Urban Health Accelerator 2018 Philadelphia Winners

1st Place

Terry Gao 1st place winner of the Urban Health Accelerator 2018 Philadelphia
Terry Gao from Philly Shares!
photo of Terry Gao, JeffDESIGN
Philadelphia, PA

SDOH Health Impact Areas:

Public Health | Medical | Behavioral | Psychosocial

I have chosen to take a year between my third and fourth year of clinical medicine training to pursue a Health Design Research Fellowship. My first and second years were classroom based lectures – comprised of basic science content as well as interventions, epidemiology – intended to expose us to the wide range of pathologies we would encounter as future clinicians. “For this infection, we give X; if not X, we give Y. For this suspected disease, we diagnose with Z.” I concluded my second year feeling encyclopedic in my knowledge base of pathology specific minutia. The life lessons and empathy crash courses came in third year, in the shapes of interpersonal conflict, hospital hierarchy, and – above all else – patient interactions. My most challenging patient interactions always occurred with those whom I had developed personal connections with.

I realized that just knowing which anticoagulants to give Mrs. X in the aftermath of her heart attack, or knowing when it was time to stop Mr. Y’s Lasix, or knowing to trend Mrs. Z’s
pressure during her dialysis appointments – it wasn’t enough. I realized that for every 5 minutes I had control over what to do to help my patients, there were entire lifetimes they’d spend away from me. There were patient’s whose lives depended on their ability to connect to an outpatient provider, and time and time again for factors we couldn’t seem control in the acute setting, we’d be unable to connect them to those resources at their time of discharge. It felt like we were constantly running out of time to address these problems, where maybe they could have been resolved with a little knowledge of patient context and some creative problem solving.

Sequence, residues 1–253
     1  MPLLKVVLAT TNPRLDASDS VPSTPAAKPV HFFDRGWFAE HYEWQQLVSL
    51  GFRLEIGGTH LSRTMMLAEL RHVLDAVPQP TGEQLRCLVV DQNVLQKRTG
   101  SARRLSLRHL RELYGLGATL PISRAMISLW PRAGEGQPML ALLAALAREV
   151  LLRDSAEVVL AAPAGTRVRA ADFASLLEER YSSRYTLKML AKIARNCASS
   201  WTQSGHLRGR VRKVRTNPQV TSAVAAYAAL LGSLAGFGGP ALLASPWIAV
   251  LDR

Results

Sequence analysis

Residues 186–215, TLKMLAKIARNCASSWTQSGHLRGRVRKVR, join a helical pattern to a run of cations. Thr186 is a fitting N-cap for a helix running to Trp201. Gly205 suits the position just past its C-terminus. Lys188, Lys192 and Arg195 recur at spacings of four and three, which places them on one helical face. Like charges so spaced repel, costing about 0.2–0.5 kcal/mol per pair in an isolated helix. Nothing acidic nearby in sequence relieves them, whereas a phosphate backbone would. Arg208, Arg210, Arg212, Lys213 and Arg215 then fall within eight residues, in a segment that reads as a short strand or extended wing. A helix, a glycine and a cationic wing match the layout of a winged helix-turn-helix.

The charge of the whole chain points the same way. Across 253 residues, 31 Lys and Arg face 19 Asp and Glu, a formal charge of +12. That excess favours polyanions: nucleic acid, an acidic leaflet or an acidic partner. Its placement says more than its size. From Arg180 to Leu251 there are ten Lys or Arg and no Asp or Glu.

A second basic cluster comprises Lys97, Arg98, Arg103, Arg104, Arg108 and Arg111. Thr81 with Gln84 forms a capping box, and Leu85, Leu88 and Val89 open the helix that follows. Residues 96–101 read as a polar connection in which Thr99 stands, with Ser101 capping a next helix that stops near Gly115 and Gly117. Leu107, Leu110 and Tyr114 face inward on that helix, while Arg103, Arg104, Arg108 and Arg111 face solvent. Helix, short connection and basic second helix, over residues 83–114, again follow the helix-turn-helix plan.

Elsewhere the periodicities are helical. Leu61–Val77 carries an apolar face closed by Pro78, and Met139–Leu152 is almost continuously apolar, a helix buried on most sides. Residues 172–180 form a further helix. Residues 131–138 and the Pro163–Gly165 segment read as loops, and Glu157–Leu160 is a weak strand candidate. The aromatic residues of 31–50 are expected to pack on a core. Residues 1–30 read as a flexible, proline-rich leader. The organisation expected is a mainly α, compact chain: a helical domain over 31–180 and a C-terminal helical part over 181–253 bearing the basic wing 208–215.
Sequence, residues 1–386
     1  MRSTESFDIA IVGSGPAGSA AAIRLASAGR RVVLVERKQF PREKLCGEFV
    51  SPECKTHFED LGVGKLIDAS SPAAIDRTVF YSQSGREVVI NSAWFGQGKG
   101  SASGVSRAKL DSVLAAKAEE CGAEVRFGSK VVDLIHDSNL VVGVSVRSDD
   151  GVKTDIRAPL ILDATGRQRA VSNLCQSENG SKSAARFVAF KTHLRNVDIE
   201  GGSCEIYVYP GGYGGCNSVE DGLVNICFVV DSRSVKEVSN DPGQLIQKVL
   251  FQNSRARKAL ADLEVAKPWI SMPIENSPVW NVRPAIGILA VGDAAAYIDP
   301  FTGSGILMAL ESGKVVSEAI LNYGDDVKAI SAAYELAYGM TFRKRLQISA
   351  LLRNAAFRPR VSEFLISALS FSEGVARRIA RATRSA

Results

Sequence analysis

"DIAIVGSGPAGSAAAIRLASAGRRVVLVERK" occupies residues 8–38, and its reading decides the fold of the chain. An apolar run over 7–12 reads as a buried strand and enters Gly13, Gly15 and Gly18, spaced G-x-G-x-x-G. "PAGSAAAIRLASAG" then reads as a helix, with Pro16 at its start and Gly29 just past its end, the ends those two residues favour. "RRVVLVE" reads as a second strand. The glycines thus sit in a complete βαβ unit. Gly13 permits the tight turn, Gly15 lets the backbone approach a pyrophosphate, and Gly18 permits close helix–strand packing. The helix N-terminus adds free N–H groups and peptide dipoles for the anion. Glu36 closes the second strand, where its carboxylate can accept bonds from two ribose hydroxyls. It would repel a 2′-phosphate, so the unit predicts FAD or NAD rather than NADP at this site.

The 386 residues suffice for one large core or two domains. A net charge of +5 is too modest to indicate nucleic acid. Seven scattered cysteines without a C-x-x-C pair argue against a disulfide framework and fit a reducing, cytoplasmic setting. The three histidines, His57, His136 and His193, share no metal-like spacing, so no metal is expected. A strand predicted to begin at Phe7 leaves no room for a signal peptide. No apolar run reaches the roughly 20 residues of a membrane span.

In the particular instance of Mrs. T, I made the decision intervene. She was the first patient I took care of during my last rotation of the year, Internal Medicine, and she was Vietnamese speaking only. She suffered from congestive heart failure, a condition that at the time of diagnosis requires careful outpatient adjustments of Lasix to find the perfect dose and regular blood tests to assure that all electrolyte levels remain within the normal ranges. Since her diagnosis in May, she had been hospitalized three additional times for the same problem. I quickly discovered that for a litany of reasons, she had been unable to acquire her medications between each hospitalization. I resolved to work diligently to do what I could to understand her particular barriers to care. My decision to do so helped me
realize that true healing takes a team much larger that you’d think – it takes cooperation across the many facets of a patient’s life to truly impact healthcare outcomes.

Eventually, I was able to connect her to a team of Vietnamese speaking providers within the city and arrange transportation to the visits through her adult day care center. I helped